The Wolverine

October 2017

The Wolverine: Covering University of Michigan Football and Sports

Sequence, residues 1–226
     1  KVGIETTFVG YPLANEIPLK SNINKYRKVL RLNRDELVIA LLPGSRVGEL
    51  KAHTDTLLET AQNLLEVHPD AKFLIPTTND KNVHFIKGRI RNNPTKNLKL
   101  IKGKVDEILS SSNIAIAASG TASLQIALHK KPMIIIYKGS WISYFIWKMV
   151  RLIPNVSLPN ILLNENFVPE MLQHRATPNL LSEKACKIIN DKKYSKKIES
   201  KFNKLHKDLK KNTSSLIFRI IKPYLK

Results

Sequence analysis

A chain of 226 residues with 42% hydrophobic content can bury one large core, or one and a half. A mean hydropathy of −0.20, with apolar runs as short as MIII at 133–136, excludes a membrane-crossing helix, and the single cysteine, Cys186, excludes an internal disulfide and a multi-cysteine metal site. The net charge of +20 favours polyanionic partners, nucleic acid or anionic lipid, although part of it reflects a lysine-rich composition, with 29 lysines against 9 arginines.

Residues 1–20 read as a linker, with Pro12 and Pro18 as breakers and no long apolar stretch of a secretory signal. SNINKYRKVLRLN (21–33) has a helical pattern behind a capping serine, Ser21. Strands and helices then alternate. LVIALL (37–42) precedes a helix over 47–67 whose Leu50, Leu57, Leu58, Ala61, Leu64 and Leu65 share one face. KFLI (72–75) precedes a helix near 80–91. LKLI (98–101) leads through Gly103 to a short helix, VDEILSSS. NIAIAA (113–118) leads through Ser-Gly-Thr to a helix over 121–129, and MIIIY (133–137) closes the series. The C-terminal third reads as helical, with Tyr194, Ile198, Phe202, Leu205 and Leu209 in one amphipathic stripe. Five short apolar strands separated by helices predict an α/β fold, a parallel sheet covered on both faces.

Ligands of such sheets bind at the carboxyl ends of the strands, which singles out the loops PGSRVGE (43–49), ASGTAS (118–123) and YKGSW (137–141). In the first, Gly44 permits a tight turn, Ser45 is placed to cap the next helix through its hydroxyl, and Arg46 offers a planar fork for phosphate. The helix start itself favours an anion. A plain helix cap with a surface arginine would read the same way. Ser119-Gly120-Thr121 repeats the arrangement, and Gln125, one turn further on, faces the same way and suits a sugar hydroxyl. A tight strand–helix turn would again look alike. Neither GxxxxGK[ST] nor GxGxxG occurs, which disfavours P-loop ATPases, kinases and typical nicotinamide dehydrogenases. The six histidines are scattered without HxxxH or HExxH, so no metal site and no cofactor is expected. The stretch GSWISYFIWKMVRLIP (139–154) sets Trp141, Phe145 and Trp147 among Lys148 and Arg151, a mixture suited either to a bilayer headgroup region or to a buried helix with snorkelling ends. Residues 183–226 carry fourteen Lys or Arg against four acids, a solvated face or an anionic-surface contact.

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8 THE WOLVERINE OCTOBER 2017 I t seemed like a simple proposi- tion. Knock off the big, bad Flor- ida Gators in the opener, then steam unabated into an undefeated, top-10 showdown with Penn State at the mid-season mark. That scenario now seems as pre- mature as sponsoring a sandcastle- building competition for a Sept. 10 showdown in Naples, Fla. It's tough to predict the winds of change. Jim Harbaugh's team faces more than a few, despite the obvious and abundant talent at his disposal. The Wolverines are gaining expe- rience, and as former head coach Lloyd Carr likes to say, experience comes with pain. The ultimate pain — a loss — hadn't been absorbed by the Wol- verines as these words hit the page. Maybe it won't for a while, and Michigan's players, coaches and fans will all be treated to a white-hot whiteout for the upper hand in the Big Ten East. But the Wolverines face no lack of concerns before they ever make that fateful trip east. For all the bravado and flashes of brilliance, it's obvious a team doesn't just change out three- quarters of its starters and not miss a beat. It's going to take some time for Michigan's offense to get up to speed versus real-life opponents. The Wolverines' defense appears fearsome in many ways once again, but not impregnable. A blocked punt and a couple of shanks in the first two games sup- plied yet another reminder that it's not simply a plug-and-play-on proposition. So here's a magnified look at Michigan's challenges, before realis- tic thoughts of a perfect half-season come into focus. The Big Ten is right around the corner, and perhaps big- ger than initially thought. • At Purdue (Sept. 23) — The Boil- ermakers' timing seems particularly poor this year. A young Michigan roster could have benefited greatly by Purdue realizing that, well, it's Purdue. The folks in West Lafayette, Ind., appear a little defiant these days, bringing in Jeff Brohm as head coach. The former Western Ken- tucky boss is making his team com- petent quicker than anyone thought he could. The Boilermakers scared Louis- ville more than a vice squad raid would Rick Pitino's basketball team in the football opener, losing to Heisman Trophy winner Lamar Jackson and the Cardinals in a 35-28 shootout. Purdue then steamrolled Ohio 44-21, and will be laying in wait in Ross-Ade Stadium when Michigan rolls into town. • Michigan State (Oct. 7) — Yes, the Spartans went 3-9 last year, then tumbled into offseason disarray. Yes, the game is in Michigan Stadium, likely under the lights, and follows a U-M bye week. That said, the Spartans put ev- erything they have into the Michi- gan game. They still have effective running backs and a smash-mouth scheme, which they demonstrated the first two weeks of the season, matching 67 percent of their 2016 victory tally. If the Wolverines continue turn- ing the football over like they did in their first two games, and if the Spartans hang around in that one, altogether too much excitement might bubble up in Michigan Sta- dium. Harbaugh's young team will get smacked in the mouth — liter- ally — and needs to man up. • At Indiana (Oct. 14) — The Hoosiers hung with Ohio State for more than a half, then knocked off Virginia. A couple of Indiana's main components in recent success, in- cluding against Michigan, are now gone — former head coach Kevin Wilson to OSU, former offensive line coach Greg Frey to Michigan. But the early returns suggest In- diana can give people some trouble, especially if opponents are not up to speed. That's the whole point. Michigan needs to arrive there, sooner rather than later. Fifth-year senior fullback Khalid Hill knows it, and insists they will. "It's good to make mistakes early, because you can fix the mistakes now," he said. "As we get into Big Ten play, we want to keep the mis- takes from happening. It won't be as easy. We can't just depend on our defense to get us out of situations. "The plays are there. We're mak- ing plays. It's little, small mistakes that are holding us back … it's shooting yourself in the foot all the time. We're just one step from where we need to be." "We've got to start scoring in the red zone," fifth-year senior center Pat Kugler added. "It's little errors that everyone makes, myself in- cluded. If we eliminate those, we've got something special." The time for ifs and buts without consequence are quickly drawing to a close. Forget the early assump- tion overreach. The season becomes what a young team makes it, in a growing year. ❏ Editor John Borton has been with The Wolverine since 1991. Contact him at and follow him on Twitter @JB _ Wolverine. WOLVERINE WATCH   JOHN BORTON Plenty Of Pitfalls On The Road To PSU Junior running back Karan Higdon and U-M figure to get Michigan State's best shot when the Spartans come to Ann Arbor Oct. 7. PHOTO BY PER KJELDSEN

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